I’m so glad I went. This is the last year Wordstock will be at the Oregon Convention Center, and the next Wordstock literary festival won’t be until Spring of 2015.
A few photos from around the book fair…
Saturday, my first stop was a panel discussion with thriller writers, “The Dark Side, Creating Suspense” with Adam Mansbach (The Dead Run), A.M. Homes (May We Be Forgiven), Mark Sullivan (Rogue), and Chelsea Cain (Let Me Go). These guys were having a ball talking about writing thrillers, and I will be reading their new books.
Jennie Shortridge reading from Love, Water, Memory, about Lucie, a Seattle woman in a dissociative fugue, who “wakes up” knee deep in the San Francisco Bay, remembering nothing. I’m halfway through that book right now; I can’t put it down.
Gene Luen Yang, author of American Born Chinese, Boxes, and Saints, and Craig Thompson, author of Blankets and Habibi—all graphic novels. Creating a graphic novel is hugely time-consuming. Yang said, “Comics have a way of eating your life.”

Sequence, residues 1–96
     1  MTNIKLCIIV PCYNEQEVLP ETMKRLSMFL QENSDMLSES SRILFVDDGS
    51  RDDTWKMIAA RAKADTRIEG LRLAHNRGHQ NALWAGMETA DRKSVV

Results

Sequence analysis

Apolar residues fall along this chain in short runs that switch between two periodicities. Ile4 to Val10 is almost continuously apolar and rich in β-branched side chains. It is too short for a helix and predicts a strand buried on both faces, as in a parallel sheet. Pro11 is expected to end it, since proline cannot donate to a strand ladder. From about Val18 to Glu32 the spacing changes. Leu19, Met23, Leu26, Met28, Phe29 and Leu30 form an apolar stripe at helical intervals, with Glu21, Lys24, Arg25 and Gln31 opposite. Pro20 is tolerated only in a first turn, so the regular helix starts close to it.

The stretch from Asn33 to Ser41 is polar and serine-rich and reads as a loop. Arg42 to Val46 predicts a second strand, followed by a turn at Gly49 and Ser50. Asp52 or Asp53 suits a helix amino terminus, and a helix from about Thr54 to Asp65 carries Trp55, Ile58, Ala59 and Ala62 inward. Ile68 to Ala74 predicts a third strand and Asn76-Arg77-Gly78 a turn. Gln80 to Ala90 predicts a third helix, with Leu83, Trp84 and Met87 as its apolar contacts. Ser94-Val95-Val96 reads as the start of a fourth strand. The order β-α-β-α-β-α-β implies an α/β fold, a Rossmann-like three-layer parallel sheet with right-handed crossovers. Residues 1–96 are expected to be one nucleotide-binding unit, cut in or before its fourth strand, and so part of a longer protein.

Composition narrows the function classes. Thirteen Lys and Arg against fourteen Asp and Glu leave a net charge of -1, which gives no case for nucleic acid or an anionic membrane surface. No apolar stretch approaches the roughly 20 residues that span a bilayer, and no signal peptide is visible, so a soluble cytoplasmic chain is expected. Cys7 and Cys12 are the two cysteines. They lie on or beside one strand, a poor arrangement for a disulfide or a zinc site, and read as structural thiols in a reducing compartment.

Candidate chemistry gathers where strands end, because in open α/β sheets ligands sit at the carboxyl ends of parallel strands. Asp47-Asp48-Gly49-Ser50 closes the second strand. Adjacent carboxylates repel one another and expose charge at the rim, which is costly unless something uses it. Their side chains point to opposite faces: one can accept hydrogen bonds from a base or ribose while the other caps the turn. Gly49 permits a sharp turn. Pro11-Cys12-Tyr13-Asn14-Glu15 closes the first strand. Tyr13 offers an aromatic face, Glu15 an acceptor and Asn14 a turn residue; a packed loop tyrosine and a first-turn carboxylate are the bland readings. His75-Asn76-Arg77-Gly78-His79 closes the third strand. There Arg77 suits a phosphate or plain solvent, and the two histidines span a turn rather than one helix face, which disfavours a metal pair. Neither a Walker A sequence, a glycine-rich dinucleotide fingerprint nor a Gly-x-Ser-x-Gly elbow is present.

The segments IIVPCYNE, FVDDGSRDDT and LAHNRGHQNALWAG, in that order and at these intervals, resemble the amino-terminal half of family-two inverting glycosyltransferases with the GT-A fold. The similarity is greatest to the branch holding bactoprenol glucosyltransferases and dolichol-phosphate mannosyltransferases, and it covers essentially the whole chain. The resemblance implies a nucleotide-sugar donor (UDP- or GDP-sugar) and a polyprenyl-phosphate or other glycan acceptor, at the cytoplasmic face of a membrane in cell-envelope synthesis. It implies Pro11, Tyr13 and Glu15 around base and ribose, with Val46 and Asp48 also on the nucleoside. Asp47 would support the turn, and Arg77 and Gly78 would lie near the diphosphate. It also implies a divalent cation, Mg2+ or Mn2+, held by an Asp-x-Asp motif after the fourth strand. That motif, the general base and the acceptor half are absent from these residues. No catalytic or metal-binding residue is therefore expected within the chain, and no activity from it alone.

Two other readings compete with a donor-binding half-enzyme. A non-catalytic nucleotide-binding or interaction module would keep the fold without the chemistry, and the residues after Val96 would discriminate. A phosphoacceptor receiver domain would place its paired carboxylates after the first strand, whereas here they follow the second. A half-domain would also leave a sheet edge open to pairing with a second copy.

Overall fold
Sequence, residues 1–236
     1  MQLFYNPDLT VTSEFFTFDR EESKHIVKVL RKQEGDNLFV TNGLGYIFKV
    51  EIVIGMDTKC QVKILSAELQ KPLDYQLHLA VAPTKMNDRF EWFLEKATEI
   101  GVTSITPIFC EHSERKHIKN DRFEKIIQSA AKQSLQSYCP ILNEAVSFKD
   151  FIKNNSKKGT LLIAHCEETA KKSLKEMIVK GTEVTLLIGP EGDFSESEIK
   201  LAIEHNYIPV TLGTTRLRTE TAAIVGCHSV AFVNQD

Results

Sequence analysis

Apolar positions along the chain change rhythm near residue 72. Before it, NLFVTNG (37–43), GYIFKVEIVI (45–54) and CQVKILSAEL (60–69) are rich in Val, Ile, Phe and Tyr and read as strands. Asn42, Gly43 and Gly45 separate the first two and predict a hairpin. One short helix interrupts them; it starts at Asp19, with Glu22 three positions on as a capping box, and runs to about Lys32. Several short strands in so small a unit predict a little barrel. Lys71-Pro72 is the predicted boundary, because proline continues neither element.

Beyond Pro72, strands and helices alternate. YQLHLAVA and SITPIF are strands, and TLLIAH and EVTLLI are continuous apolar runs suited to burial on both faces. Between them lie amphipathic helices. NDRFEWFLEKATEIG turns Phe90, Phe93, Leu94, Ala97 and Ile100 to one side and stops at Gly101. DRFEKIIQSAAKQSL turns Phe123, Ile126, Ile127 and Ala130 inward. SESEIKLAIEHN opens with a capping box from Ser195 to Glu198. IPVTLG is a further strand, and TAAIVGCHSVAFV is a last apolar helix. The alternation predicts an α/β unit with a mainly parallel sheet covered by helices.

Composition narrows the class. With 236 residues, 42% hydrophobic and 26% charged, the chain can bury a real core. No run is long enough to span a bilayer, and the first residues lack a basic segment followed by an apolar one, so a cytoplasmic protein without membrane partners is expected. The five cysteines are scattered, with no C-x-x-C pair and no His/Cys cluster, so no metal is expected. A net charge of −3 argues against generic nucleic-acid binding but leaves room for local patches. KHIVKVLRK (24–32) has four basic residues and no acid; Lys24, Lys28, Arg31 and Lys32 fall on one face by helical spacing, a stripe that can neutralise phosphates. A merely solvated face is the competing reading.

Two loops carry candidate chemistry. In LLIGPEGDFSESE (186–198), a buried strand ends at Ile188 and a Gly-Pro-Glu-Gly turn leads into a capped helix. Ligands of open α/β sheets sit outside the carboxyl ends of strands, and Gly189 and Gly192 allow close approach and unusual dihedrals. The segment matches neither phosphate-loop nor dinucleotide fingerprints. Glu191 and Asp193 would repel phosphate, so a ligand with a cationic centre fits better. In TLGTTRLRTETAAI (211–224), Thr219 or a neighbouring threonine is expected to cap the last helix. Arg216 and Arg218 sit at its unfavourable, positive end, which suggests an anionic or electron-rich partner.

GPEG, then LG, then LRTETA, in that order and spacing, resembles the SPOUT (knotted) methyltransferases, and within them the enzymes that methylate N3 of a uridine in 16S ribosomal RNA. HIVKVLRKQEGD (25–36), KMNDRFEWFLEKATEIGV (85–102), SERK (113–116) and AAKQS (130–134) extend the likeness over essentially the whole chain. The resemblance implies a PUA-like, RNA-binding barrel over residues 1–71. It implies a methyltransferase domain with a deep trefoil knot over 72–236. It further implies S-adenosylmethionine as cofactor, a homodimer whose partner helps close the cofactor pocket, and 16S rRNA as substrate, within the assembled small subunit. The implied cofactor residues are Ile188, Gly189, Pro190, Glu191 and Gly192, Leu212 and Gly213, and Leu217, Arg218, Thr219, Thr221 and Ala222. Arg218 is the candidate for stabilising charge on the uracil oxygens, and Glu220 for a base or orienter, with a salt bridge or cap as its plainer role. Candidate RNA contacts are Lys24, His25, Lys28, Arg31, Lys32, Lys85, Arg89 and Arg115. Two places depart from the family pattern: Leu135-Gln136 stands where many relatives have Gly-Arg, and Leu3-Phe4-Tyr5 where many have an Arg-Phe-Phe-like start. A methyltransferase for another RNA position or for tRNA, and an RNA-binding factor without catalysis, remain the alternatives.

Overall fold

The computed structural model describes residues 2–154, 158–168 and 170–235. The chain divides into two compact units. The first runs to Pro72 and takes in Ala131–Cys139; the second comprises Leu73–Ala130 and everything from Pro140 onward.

Alissa Nutting, Leni Zumas, Tom Barbush, and Benjamin Percy.
Sunday, I arrived early to catch this panel, “The Short Story vs. The Novel,” because Benjamin Percy was on it. I had never heard of him before I heard him read from his book, The Wilding two years ago. His stuff is very dark, scary, and creepy, but his writing is gorgeous, maybe the best I’ve ever read. I’m not familiar with the other authors on the panel and will check them out. Alissa Nutting was hilarious– “The good in the world is, like, extinguished daily.”
Adam Mansbach read from his new book, The Dead Run, and Mark Sullivan read from Rogue. I can’t wait to read their books.
Tom Spanbauer read a whole chapter from his upcoming book, I Loved You More. It was So. Incredibly. Sad. Wow!
Benjamin Percy read from his latest book, Red Moon, a terrifying episode that kept building and left me wrung out and shaken even though I had read the book a couple of times. Listening to anyone else after that would be a let-down, so I called it a day. I don’t know when I’ll go to the Convention Center again since Wordstock is moving. I took a couple of farewell shots on my way out.